6 Traits You Need to Be Self-Employed
Being self-employed is very different from being an employee
Creating a job of your own by starting a business can be an attractive alternative when you can't find a new job - or just can't stand the job you have. Taking the route of self-employment presents a new set of challenges even for experienced professionals. Self-discipline, motivation, and the ability to adjust to pursue real opportunities are all necessary to run a successful business of your own.
But "How do I start a business?" is not the first question you should be asking if you're in this situation; the first question you should be asking is "Should I start a business?" Before you start thinking about the different types of businesses you might start, you have to do some thinking about you.
Starting a business is not for everyone. Being self-employed is very different than being an employee. And some people find it impossible to adjust to the differences. Let's see if you have the necessary entrepreneurial mindset to become self-employed. These are the six traits that encapsulate the ways you have to think and behave if you want to make a successful transition from being employed in someone else's business to starting a business of your own.
You Have to Be Flexible to Be Self-Employed
If you start a business, you no longer have "one" job with clearly defined duties and responsibilities. You'll suddenly have multiple jobs, which will be often interrupted by unforeseen crises (particularly in the startup phase). Many employees are used to having days filled with predictable activities; many self-employed people don't.
And once you start a business, there's nowhere to pass the buck. As an employee, you may be used to passing problems up along the food chain or not being very involved in decision making. As a self-employed business owner, you're the one who will have to deal with whatever the crisis is and solve the problem. You're the one who will have to make the decisions.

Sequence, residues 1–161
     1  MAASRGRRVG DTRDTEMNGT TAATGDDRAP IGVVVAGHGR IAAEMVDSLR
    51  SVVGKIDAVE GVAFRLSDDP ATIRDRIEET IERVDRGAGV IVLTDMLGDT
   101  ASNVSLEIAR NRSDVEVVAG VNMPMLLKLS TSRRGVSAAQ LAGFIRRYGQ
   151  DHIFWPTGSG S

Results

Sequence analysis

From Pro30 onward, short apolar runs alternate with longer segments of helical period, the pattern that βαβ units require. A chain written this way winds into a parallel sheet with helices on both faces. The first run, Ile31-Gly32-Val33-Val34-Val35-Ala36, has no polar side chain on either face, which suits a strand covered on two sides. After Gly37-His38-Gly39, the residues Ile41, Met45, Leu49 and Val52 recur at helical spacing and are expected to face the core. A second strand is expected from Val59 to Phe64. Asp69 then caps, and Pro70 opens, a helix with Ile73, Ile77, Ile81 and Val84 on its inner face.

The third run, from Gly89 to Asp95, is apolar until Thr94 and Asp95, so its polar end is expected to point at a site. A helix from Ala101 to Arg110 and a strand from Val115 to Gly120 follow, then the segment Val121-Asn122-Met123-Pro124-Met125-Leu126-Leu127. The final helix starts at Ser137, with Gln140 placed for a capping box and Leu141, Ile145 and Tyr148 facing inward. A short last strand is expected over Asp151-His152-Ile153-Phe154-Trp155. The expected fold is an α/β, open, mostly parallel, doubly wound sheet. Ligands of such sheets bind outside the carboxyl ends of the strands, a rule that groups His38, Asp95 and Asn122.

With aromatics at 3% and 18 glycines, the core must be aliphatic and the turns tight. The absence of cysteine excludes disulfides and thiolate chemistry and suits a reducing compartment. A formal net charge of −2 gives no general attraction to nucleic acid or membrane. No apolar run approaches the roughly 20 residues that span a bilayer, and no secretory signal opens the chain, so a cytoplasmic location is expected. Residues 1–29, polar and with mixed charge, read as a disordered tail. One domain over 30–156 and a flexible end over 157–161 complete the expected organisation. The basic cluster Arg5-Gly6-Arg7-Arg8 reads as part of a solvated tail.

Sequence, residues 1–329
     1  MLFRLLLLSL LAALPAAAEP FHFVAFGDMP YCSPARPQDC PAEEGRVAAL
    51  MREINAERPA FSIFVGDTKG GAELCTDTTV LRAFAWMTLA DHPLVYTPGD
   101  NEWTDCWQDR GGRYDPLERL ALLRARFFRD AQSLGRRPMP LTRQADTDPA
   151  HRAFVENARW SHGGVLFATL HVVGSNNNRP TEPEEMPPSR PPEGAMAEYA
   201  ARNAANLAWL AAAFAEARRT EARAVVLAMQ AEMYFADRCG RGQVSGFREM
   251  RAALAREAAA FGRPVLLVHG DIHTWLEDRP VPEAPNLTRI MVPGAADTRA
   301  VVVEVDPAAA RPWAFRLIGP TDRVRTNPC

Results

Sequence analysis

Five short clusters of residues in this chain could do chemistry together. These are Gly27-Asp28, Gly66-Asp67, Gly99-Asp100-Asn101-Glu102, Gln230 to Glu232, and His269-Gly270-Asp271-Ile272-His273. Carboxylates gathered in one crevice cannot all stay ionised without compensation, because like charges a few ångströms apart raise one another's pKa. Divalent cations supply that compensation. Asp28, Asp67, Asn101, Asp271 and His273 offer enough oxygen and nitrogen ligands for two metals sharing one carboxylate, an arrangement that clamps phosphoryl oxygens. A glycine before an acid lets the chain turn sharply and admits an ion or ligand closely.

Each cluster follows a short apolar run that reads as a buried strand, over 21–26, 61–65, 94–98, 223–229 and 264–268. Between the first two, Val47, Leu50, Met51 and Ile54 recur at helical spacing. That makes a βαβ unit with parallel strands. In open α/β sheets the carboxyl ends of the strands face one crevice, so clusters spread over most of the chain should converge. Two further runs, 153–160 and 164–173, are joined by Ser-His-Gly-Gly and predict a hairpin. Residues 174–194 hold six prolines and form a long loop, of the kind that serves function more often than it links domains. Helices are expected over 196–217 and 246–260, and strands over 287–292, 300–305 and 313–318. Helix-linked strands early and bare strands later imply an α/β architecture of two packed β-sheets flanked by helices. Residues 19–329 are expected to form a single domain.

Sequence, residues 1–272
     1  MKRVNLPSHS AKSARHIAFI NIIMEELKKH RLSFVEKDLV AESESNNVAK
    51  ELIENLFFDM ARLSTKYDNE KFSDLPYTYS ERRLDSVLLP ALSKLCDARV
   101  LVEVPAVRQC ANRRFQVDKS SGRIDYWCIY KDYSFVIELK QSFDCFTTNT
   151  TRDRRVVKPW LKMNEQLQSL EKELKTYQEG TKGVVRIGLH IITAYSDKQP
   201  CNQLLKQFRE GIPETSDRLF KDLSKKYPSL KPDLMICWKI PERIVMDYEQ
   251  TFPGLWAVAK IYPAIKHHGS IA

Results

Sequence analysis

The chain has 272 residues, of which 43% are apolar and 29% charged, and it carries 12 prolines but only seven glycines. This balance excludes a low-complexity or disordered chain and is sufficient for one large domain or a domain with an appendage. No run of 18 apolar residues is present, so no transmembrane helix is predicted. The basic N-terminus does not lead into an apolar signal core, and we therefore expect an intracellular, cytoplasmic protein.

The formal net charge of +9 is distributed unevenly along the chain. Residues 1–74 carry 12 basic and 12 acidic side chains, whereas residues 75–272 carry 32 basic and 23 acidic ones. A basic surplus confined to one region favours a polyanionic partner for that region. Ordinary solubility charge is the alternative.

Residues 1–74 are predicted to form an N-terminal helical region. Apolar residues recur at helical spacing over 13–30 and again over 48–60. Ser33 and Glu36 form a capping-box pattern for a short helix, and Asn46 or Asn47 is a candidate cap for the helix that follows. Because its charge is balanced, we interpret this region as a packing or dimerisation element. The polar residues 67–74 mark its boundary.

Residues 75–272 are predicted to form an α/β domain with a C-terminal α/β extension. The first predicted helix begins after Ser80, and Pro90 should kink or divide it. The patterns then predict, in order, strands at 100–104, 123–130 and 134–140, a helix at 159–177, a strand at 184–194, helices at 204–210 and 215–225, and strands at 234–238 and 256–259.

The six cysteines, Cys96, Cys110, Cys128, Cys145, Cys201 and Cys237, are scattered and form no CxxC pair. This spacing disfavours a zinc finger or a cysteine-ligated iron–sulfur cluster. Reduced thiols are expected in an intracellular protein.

You Have to Be a Self-Motivated Initiator
When you're an employee, other people tell you what to do, either directly or indirectly. You get used to having others direct your actions.
When you are self-employed, you have sole responsibility for taking charge of what happens next. Creating a plan of action and setting goals are your responsibility.
No one's going to schedule appointments for you or point out what needs to be done. For many people who try to become self-employed and start businesses after having a long-term full-time job, this is the hardest adjustment to make.
You Must Be Able to Recognize Opportunities and Pursue Them
Apart from sales-driven positions, most employees are not specifically trained to look out for opportunities. Many jobs focus on the creation of a product or providing a service while a sales department or a managerial team tackle the search for new customers and ways to grow the business.